Decide what? What 14 and 1 add up to? This proposal is written in the present tense, let’s keep that in mind. We have to ask, what is “is?” “Is” is now, and the art world—what’s the art world? I don’t know what it is for you. I think for a lot of people it’s a notional place. It’s an afternoon at a fair, it’s lunch at a museum, followed by an opinion. It’s something that comes and goes, and the definition comes and goes. I’m not here to debate statistics. Debating numbers, that’s like debating climate change. That would be a fool’s errand. What I’m going to talk about is what the art world means to me. For me, the art world has an address, it has a postal code, it has a phone number, and a receptionist: it’s my office. And that’s not hubris, that’s perspective. Anyone who actually makes a profession out of working in the art world looks at it through that lens. My passport is issued by Artforum. Frances’s by the Tate, Gregor’s by ICA, Elaine’s by Christie’s. And that’s the way we are obliged to look at it. So if I may talk about Artforum for just a minute.
In my 30-plus years at Artforum, I have worked with 5 editors in chief, 3 women and 2 men. And for the LGBT people, one of the men was straight, one of the men was gay; one of the women was straight and one of the women was gay, and one of the women was bisexual. Our current full-time editorial staff is composed of 11 women and 4 men. Our production department, 4 women and 1 man. Our advertising department around the world, 10 women, and 1 man. In addition to our editor in chief, our business manager, our ad director, our circulation director, and our production manager are all women. Artforum.com employs 6 women and 1 man. Artforum’s office in Beijing: 6 women and 1 man. Overall the ratio is 5 to 1; 56 women—yes it’s a big payroll—to 12 men. 500 press cards around the world, and 370 of them are to women.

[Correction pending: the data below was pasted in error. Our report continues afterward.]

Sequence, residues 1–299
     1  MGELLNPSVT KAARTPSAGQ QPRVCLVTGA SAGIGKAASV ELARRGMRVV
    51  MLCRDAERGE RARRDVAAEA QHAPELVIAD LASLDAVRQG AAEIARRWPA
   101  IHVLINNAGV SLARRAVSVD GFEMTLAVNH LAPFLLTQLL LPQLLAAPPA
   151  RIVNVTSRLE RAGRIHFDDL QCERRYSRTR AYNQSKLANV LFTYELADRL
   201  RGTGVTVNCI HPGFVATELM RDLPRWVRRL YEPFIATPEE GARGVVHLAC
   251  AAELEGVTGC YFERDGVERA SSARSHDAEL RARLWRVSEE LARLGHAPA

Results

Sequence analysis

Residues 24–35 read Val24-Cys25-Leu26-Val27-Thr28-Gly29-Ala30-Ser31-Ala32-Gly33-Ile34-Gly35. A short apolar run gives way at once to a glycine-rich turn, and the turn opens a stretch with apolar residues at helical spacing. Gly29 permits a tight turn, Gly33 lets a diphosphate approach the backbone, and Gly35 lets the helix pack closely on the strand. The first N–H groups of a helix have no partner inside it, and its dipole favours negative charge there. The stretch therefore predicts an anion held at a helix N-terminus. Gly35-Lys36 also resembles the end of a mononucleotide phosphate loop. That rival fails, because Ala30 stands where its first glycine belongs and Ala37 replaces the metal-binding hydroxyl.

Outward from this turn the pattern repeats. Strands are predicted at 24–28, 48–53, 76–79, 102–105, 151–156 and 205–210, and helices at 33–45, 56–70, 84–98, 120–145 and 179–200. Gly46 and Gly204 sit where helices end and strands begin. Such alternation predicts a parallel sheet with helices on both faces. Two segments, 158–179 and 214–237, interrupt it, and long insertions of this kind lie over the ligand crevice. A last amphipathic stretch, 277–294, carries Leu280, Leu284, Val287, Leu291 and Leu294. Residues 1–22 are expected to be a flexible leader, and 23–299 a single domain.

During my tenure, I have been privileged to add the title publisher to three people. Yes, the three current publishers are men. We were all hired by a woman. And the three people I have assigned that title to, who will steward Artforum when I’m gone, are all women. So, by the time I check out, it’s complete.